This concept is fundamental to our understanding of penitence.  Seeking forgiveness is not a matter of rituals or religious observances; it is one of spirit-rending introspection and surrender. Through all of my soul searching and prayer, I cannot escape the gravitational pull of this simple notion.  This is the meaning of repentance. 
(I wrote a song about this…. take a listen here.)

4 comments:

  1. Thank you, brother, for commenting on my blog. I watched the video of your song. Although the music is not at all my style (hey, I'm old, OK?), the words are rock-solid theology, heart-felt, and the music fits the words. The song is not sentimental feel-good froth (which has infected too much recent church music). Continue using and developing the excellent gifts the Lord has given you, and walk in the joy of forgiveness. Spend time in Psalm 32. Be defined by who you are now in Jesus Christ, not by who you've been apart from him. I pray for the Lord's blessings for you today, and that my own repentance can match yours.

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  2. I appreciate the feedback! I definitely realize that the musical stylings of that song can be a bit much for some people.... Perhaps an acoustic version is in order?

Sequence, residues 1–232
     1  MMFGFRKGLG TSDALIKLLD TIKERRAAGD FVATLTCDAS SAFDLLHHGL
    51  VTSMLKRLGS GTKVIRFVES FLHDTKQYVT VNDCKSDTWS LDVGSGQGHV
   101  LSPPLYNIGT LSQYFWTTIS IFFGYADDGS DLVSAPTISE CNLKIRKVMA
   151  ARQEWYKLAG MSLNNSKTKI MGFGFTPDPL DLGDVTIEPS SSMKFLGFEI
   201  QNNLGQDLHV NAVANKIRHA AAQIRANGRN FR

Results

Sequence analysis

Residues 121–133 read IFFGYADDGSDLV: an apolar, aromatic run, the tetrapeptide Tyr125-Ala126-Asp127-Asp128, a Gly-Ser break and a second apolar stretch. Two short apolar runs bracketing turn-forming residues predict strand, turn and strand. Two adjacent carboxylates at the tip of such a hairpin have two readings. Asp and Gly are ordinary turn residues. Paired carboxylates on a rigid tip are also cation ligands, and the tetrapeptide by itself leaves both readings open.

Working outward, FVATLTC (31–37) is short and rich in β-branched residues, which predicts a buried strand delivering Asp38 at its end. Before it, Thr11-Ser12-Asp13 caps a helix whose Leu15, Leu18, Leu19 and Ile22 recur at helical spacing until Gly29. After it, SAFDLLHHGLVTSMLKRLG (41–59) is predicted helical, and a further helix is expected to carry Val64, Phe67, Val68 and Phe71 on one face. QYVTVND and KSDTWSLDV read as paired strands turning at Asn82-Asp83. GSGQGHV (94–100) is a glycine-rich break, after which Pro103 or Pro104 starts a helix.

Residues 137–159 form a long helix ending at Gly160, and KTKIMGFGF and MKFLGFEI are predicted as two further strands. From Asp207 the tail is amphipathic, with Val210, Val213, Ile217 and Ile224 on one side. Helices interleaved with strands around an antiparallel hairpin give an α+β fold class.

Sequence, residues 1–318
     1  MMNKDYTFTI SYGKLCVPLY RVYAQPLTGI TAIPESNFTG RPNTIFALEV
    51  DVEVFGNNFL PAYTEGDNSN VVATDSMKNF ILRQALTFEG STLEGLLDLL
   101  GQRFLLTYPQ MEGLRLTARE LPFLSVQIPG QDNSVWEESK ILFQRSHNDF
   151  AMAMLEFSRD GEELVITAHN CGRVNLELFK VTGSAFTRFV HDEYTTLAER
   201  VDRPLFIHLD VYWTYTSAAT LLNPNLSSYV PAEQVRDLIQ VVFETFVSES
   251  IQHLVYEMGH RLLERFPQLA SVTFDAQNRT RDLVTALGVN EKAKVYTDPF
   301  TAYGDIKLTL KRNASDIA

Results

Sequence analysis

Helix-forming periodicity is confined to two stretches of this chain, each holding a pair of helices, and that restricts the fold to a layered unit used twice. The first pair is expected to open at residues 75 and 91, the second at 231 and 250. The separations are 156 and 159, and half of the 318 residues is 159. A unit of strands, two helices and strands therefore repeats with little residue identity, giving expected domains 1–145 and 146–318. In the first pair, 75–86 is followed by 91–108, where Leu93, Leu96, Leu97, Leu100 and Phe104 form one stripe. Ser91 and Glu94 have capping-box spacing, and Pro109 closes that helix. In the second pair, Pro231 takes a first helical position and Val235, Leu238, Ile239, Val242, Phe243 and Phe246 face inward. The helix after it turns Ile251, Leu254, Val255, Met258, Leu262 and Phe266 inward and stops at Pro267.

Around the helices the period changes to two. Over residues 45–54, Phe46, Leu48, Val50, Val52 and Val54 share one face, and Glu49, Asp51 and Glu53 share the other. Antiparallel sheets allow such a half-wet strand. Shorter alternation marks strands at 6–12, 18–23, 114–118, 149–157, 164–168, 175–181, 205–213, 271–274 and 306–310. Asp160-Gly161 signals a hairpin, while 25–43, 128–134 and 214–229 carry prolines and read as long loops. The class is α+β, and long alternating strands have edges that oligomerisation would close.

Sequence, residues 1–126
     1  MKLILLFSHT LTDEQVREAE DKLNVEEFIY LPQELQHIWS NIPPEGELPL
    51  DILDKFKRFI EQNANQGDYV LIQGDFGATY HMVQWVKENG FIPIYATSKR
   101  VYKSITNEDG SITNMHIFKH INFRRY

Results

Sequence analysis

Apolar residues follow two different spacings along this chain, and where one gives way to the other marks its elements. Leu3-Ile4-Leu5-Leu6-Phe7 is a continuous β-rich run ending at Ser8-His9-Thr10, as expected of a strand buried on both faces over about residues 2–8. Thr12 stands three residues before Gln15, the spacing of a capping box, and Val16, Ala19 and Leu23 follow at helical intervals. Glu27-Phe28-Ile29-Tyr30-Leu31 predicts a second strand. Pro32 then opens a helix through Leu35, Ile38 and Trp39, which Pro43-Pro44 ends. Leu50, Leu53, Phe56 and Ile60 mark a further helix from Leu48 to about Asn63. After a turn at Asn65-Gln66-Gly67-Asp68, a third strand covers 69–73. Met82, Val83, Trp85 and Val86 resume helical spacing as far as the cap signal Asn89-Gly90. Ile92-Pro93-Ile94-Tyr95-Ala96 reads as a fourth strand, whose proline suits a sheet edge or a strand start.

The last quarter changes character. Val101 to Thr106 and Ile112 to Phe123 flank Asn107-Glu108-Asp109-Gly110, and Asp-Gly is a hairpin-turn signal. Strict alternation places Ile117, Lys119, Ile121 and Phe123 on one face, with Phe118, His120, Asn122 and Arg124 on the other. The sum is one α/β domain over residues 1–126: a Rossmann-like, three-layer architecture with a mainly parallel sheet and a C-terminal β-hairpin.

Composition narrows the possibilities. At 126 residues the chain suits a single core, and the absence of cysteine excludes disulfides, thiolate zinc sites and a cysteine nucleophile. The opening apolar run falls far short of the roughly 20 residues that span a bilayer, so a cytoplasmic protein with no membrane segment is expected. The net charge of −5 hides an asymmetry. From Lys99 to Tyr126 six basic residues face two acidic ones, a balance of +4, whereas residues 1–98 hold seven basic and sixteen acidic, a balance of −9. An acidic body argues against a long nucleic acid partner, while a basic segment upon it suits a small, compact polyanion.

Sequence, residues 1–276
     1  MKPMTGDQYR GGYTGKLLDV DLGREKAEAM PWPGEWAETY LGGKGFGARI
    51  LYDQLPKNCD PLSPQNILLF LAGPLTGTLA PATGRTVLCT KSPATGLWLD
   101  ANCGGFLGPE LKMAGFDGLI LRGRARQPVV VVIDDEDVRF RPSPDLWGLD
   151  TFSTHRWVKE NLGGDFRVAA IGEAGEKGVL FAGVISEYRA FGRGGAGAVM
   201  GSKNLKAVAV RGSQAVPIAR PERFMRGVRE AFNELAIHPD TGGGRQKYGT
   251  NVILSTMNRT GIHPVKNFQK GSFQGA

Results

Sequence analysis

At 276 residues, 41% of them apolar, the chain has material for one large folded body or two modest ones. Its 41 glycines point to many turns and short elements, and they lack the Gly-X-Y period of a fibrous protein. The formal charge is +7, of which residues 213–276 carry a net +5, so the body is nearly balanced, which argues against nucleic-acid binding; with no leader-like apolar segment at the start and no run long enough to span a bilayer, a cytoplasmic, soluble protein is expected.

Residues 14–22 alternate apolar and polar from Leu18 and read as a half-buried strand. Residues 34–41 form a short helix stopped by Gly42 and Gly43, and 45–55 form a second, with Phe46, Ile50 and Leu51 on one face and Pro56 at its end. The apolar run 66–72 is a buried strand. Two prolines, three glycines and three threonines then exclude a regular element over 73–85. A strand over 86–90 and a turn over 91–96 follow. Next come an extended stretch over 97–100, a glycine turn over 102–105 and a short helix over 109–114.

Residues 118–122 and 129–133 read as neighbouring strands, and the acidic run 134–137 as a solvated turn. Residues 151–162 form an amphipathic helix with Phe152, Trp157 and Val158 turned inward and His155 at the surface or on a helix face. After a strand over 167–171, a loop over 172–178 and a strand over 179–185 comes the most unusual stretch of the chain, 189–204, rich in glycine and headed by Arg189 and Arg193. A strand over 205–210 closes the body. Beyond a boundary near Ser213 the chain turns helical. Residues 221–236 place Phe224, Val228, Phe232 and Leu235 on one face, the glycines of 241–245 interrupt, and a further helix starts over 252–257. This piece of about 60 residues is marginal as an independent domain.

and I agree with you about the status of recent church music. I am especially perplexed by songs that have somber, reverent lyrics and yet the music does not agree with the words at all. So I'm all for music and lyrics that match, at least!

    Thanks so much for checking it out and giving your input! it's much needed.

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  3. Ray, I would not necessarily say that an acoustic version is needed. Your version will speak to hearts of many of your generation. One of the Lord's blessings is the variety of his people. We all need one another, but we don't all have the same tastes in clothing or music or art or furniture. Just be the man the Lord created you to be.

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  4. as of yesterday, my husband has disappeared for the second time in our marriage. we have not even been married for a year (our first year anniversary would be july 22). we both have played a part, of course, in this horrible re-enactment. my sin is before me, and the sharp pain of his silence and complete disconnection from me is near unbearable.
    I am expecting our first child in December. I thank God that I came across this small message of hope. I seek to be blameless before the Lord, and to be gracious, patient, ready for the next step, but time is grueling.
    if you would, when you read this,
    pray for us. we're just mixed up, and my husband has been led astray. we need to set God back in the center of our marriage. it seems so hopeless, because this came from the blue to me, it wasn't near a fight, and he told me he wouldn't do this again. broken promises are on both sides...
    I don't know how long this storm will be, but I know God is able to speak to the hardest, darkest corners and bring forth light. please, pray for us.